Bom após a criação dos "novos driver" Iris (OpenGL) e Neo (OpenCL), a Intel agora divulgou o estado da nação relativamente aos drivers Linux para GPU e para os GPU para o mercado de servidores.
Lisa Pearce as Intel's Graphics Software Engineering Director presented during the briefings on their Linux graphics driver and preparing for them for the data center. She noted how just two years ago only around ~10% of their driver code was re-used across platforms (namely Windows and Linux) and their Linux driver delivered roughly 60% the performance of Windows. They also officially only supported one distribution.
But now as we approach 2021, there is around ~60% code re-use and the Linux performance is at 90~100% that of Windows and are validating on all three major enterprise Linux distributions. The relative performance for 3D is at roughly 90% depending upon quality of the Linux game port or if native, among other factors, while the compute performance is roughly on par between Windows and Linux.
Linux Is Riding High For Intel Graphics
Afterwards I was able to talk more with Lisa about the company's current trajectory around their open-source/Linux driver efforts. Of the ~60% driver code in common between platforms, it boils down to the Intel Graphics Compiler (IGC) and Media/Compute components being shared now across Windows and Linux. The OpenGL and Vulkan drivers and the kernel mode drivers remain separate code-bases. This recent push around ramping up their Linux driver efforts come down squarely on their data center ambitions. Since ~2018 when forming their GPU plans for the data center they began integrating their formerly separate Linux graphics driver team and making other fundamental changes to bolster their Linux support.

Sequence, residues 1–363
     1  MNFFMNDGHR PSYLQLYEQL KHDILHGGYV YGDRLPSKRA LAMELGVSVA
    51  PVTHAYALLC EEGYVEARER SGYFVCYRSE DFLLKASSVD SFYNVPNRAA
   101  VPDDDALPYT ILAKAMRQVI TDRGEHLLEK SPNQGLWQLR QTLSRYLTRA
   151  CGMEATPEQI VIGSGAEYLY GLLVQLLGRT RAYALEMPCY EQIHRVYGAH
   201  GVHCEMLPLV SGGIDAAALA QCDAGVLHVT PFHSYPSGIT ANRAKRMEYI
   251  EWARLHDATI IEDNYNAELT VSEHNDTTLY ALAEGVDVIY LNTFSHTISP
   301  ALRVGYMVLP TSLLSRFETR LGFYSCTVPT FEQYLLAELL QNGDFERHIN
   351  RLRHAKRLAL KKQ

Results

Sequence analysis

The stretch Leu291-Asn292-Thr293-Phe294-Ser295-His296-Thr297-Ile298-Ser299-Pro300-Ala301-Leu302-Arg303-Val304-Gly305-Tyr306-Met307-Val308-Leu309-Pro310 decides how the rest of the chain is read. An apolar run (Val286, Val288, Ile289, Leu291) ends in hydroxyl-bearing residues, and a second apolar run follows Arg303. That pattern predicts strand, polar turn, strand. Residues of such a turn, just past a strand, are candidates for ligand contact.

A few months ago I reported on Intel's Windows driver beginning to use IGC and there was even an internal prototype for Mesa. In speaking with Lisa, that IGC work for Mesa is advancing. In adapting their ANV Vulkan driver to use IGC rather than their internal Intel Mesa compiler is yielding promising performance results that appear to be measurably faster than the current compiler. Intel is also looking at using IGC for their Iris Gallium3D OpenGL driver too but the Vulkan driver is understandably the immediate focus. Right now on Linux the Intel Graphics Compiler is just used by their OpenCL/Level-Zero compute stack.
While providing faster performance and more code re-use across platforms, there are implications though on Intel's Mesa drivers using IGC: the Intel Graphics Compiler would be a new build dependency for Mesa and Linux distributions would need to begin packaging it, adding to additional size on the image. The Intel IGC core binary comes in at roughly an additional 30MB to be squeezed on Linux desktop ISOs.
https://www.phoronix.com/scan.php?page=article&item=intel-server-igc&num=1GUI Control Panel For Linux?
Also notable on the Intel Linux graphics driver radar for 2021 is possibly having an Intel Command Center / graphics driver control panel. Right now Intel's Linux driver stack already exposes most of the tunables that can be found within Intel's Windows driver area, but not GUI driven. Much of the tunables and monitoring interfaces for the Intel Linux driver are only accessible via command-line interfaces, setting not always well documented environment variables or module parameters, etc.